(a) Kenneth Rocafort
One of the biggest identifiable problems with the 'New 52', thus far, has been consistency in characterization between titles. Often, a character will act a certain way in a team setting, and a completely different way in his or her solo title. Unfortunately, both Superman and Superboy are at the top of the list when it comes to broken character development. Superman as portrayed in Action Comics has been vastly different from the Superman seen in the eponymous series and Justice League. Similarly, Superboy is written as an emo kid just trying to figure it all out in the pages of Superboy, but here, in Superman #15, Scott Lobdell has turned Kon-El from an antisocial basket case into a cheesy kid sidekick who wouldn't be out of line saying something like, "Aww, shucks, Superman! What're we gonna do now!?"
Superman #15 really stretches the whole "He'l on Earth" tie-in label because H'el does not show up at all. We get to see him in two panels, in flashbacks, in the background both times. It's not out of line to want to have some sort of interlude that deals with side issues, but Lobdell basically uses the entire issue to focus on Lex Luthor. And really, it's for no reason at all. Superman claims that he's come to Luthor looking for help, but in reality, as Lex puts it, "You would have figured out H'el's plan the instant he made his way into the fortress and got his hands on the artifacts you keep there." So why does Superman take the time to visit good old Lex? He's there to make himself angry. H'el is the most powerful adversary Superman has ever faced, and now he needs to give himself motivation to take on this new threat with everything he has. Beyond his meeting with Luthor, Clark seems to be taking a rather militant and stoic approach to his relationship with Superboy, speaking in short, curt sentences and generally not being very helpful before scolding Superboy like a father figure.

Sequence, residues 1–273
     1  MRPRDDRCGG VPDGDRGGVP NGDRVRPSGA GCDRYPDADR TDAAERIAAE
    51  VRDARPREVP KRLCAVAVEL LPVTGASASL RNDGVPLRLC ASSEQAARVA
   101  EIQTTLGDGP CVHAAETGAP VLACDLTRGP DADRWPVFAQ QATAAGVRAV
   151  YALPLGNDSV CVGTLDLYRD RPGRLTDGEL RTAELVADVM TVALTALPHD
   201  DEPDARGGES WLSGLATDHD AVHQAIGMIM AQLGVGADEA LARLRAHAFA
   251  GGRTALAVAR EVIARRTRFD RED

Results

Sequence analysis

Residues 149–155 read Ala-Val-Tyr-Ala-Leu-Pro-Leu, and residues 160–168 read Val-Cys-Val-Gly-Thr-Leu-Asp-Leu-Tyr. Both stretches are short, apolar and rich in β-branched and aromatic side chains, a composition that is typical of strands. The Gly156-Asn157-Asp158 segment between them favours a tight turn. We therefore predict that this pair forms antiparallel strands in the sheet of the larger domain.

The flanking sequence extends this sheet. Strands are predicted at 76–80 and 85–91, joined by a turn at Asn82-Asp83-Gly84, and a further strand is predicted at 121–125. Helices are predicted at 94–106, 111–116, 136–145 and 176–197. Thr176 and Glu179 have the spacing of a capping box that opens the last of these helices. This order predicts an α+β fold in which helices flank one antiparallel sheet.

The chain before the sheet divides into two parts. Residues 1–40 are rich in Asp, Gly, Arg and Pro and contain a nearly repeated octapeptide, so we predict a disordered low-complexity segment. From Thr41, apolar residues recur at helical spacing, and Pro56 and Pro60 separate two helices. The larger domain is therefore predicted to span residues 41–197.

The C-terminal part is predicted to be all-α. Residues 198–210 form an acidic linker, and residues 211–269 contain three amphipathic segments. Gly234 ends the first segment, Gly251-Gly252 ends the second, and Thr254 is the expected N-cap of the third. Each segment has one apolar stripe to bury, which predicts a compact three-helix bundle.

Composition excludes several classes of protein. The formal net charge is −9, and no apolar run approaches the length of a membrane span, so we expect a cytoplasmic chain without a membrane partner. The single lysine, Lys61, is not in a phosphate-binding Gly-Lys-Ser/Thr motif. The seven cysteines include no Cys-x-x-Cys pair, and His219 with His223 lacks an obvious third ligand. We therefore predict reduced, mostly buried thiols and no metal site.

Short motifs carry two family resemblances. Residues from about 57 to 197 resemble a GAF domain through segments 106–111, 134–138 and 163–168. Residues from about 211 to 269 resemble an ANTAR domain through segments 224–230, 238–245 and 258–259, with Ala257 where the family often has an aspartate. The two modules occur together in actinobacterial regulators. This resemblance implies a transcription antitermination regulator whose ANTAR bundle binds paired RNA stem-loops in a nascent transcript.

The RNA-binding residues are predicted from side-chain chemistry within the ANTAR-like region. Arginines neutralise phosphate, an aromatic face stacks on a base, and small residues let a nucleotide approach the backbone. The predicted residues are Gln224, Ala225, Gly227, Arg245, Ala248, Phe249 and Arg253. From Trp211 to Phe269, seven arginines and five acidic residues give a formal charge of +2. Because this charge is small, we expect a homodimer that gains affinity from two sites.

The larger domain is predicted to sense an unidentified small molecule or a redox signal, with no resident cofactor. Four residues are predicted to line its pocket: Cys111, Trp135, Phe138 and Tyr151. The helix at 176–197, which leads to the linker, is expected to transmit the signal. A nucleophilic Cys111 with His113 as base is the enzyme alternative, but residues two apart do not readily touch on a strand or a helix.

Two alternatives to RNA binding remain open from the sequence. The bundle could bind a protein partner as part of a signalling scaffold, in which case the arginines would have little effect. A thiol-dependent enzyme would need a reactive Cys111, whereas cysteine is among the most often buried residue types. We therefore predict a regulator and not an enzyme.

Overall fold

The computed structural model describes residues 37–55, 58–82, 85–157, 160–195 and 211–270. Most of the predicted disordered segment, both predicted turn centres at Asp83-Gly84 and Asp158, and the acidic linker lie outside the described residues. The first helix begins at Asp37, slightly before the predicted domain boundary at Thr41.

Now let's talk Superboy. Why has he turned into a Boy Scout all of the sudden? For over a year, Kon-El has done nothing but disregard orders, chastise those of authority, and generally do whatever he wants. Now, because Superman has lent him the Kryptonian armor for medical purposes, Kon has turned into some weird 1950s version of himself. "Man you are hardcore!", uses only four words to disassemble an air of sophistication Superboy has been trying to build since he first woke up in Superboy #1. Then "...if we're trying to get H'el the hell out of our your house, what the heck are we doing here?" reminds me how little regard Lobdell has for the green line when writing in MS Word. From a literary standpoint, there's no reason to craft such awkward sentences.
Don't even get me started on, "You're still recovering from H'el nearly splitting you genetically in two". The first of the two examples could just have easily read as, "Why are we here if we're trying to get H'el out of your house?", while the second example could quite effortlessly be revised as, "H'el nearly ripped you apart at the genome, and you're still recovering." These obviously aren't the only ways to rewrite these sentences, but it just shows how easily good grammar and effective syntax can be.
Superman #15 is an interesting read if you're curious about Lex Luthor in the present day. Other than that, Superman and Superboy are not written as themselves, and it's very off-putting. As much as I disagree with how Kon-El has been handled up to this point, it's even more frustrating to see all the character development go out the window in the name of a shaky crossover. I usually like Kenneth Rocafort's artwork, but here, even his beautiful pencilling gets dragged down by the weight of the dialogue. For an event that's felt rushed and half-asked since it started, Superman #15 hits the brakes hard and provides more of an interlude than anything else. It's not terrible, but there's simply not a lot going on.